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RF Radiation Exposure Hazards for Outdoor Workers

RF radiation is a type of non-ionizing radiation. Other types of non-ionizing radiation include:

  • Extremely Low Frequency Radiation (ELF) >> high voltage power lines
  • Microwave Radiation (MW) >> radio emitters and cell phones
  • Infrared Radiation (IR) >> furnaces, heat lamps and IR lasers
  • Ultraviolet Radiation (UV) >> sunlight, black lights, welding arcs

Radiofrequency (RF) radiation refers to energy that transmits wireless information with frequencies between 3 kilohertz (kHz) to 300 gigahertz (GHz). RF energy is essential for telecommunications services such as radio and television broadcasts, cellular telephones, microwave point-to-point links, and satellite communications.

RF energy is released by the movement of electrical charges in transmitting antennas. Transmitting antennas come in different shapes and sizes and emit RF radiation in different directions, up to 360 degrees.

Low-level RF radiation it is not considered hazardous, but high levels of RF radiation generate heat in water-rich substances, like the human body. High RF radiation exposure levels can produce symptoms called “thermal effects” like reddening of the skin or even burns.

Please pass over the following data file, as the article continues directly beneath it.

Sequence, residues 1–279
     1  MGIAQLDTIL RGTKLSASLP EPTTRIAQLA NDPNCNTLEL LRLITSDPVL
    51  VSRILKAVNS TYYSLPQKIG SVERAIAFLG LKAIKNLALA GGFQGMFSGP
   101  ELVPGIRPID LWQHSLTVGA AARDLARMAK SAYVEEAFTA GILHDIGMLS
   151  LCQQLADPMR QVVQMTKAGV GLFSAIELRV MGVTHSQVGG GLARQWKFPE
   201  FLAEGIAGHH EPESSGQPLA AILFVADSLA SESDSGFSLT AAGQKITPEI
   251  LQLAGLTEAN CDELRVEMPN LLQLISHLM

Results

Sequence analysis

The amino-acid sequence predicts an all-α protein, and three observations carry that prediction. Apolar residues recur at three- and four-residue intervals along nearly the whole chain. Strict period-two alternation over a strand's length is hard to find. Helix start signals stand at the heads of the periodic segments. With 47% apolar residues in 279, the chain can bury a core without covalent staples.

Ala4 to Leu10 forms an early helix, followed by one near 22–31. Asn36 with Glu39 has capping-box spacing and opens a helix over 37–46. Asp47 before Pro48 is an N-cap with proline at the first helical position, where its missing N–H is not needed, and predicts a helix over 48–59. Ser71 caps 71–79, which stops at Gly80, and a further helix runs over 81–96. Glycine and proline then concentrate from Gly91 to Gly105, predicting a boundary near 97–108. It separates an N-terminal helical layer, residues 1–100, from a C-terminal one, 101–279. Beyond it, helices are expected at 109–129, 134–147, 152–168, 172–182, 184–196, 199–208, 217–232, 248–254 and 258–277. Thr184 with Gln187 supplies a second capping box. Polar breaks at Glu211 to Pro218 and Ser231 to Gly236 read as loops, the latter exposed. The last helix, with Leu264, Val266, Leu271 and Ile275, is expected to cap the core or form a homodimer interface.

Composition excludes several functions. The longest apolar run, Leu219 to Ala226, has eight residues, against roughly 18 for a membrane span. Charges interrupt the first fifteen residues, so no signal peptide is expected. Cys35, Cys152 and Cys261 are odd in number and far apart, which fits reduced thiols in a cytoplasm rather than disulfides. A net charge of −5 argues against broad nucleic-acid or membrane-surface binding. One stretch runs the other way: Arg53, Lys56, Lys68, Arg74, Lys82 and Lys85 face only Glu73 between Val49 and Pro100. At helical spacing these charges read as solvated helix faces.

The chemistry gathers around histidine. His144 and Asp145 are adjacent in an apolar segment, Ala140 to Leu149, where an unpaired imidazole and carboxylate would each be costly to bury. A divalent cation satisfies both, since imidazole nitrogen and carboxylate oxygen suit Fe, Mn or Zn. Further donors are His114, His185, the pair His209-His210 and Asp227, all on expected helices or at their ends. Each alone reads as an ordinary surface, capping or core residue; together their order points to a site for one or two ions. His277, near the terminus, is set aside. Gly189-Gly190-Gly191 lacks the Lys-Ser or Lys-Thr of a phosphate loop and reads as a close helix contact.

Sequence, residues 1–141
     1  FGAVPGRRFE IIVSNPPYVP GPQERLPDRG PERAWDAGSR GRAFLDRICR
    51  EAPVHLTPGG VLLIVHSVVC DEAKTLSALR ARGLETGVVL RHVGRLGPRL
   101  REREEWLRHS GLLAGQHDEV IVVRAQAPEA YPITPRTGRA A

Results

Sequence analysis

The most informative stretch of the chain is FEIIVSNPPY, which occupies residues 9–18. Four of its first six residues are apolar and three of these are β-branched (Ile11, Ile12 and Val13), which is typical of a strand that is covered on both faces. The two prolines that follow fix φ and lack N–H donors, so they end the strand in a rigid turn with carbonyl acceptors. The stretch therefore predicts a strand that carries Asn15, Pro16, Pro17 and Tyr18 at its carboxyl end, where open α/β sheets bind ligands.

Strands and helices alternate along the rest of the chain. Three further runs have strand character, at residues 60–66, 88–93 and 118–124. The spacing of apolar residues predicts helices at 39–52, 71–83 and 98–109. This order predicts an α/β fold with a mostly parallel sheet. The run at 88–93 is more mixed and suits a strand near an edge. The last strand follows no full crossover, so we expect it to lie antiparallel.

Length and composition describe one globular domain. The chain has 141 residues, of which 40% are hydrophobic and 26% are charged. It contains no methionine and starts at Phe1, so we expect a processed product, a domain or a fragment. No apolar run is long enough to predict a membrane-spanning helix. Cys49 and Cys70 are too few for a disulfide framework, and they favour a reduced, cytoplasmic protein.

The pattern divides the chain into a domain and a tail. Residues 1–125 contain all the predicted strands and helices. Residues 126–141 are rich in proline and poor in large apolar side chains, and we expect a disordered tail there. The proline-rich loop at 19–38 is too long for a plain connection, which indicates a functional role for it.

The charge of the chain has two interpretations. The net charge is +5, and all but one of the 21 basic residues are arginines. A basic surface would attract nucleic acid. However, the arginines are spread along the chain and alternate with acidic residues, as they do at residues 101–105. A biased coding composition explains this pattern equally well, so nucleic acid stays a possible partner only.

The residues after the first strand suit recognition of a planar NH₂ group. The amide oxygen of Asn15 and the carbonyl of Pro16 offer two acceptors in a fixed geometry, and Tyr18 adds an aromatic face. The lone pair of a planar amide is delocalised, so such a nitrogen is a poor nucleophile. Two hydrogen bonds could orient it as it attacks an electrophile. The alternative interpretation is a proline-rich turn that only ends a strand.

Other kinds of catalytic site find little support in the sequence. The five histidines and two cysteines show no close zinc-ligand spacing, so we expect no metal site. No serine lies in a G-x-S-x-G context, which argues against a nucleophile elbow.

Black and yellow radiation triangle hazard icon.

Workers may be exposed to RF radiation if they work near RF-generating antennas. RF radiation exposure is most likely to happen near antennas used for cellular and other personal communications services because they are often located on rooftops, the sides of buildings, and other elevated structures. Some antennas are designed to blend into their surroundings and workers may not be aware of them. Not all antennas transmit RF energy, some of them may only be receivers.

OSHA Construction Standard 1926.54(l) Employees shall not be exposed to microwave power densities in excess of 10 milliwatts per square centimeter. [OSHA note: This standard pertains to construction work, including the painting of towers.]

The RF energy that could be radiated by cellular and other personal communications services antennas depends on the number of transmitters, the power of each transmitter, and the type of antenna. Generally, the highest exposure levels are at the same height and directly in front of the antenna, but the exposure levels rapidly decrease with distance.

Cell phone antennas on a roof top.

Distance is important when it comes to reducing workers’ RF radiation exposure. The power density decreases the farther away a worker is from the source.

OSHA General Industry Standard 1910.97(a)(2)(i) For normal environmental conditions and for incident electromagnetic energy of frequencies from 10 MHz to 100 GHz, the radiation protection guide is 10 milliwatts per square centimeter as averaged over any possible 0.1-hour period.

It is always best to exercise caution when working near antennas. Follow all instructions on posted signs. Know how to recognize and understand the information presented on RF hazard warning signs. Do not cross fences or barriers that are set up to restrict access.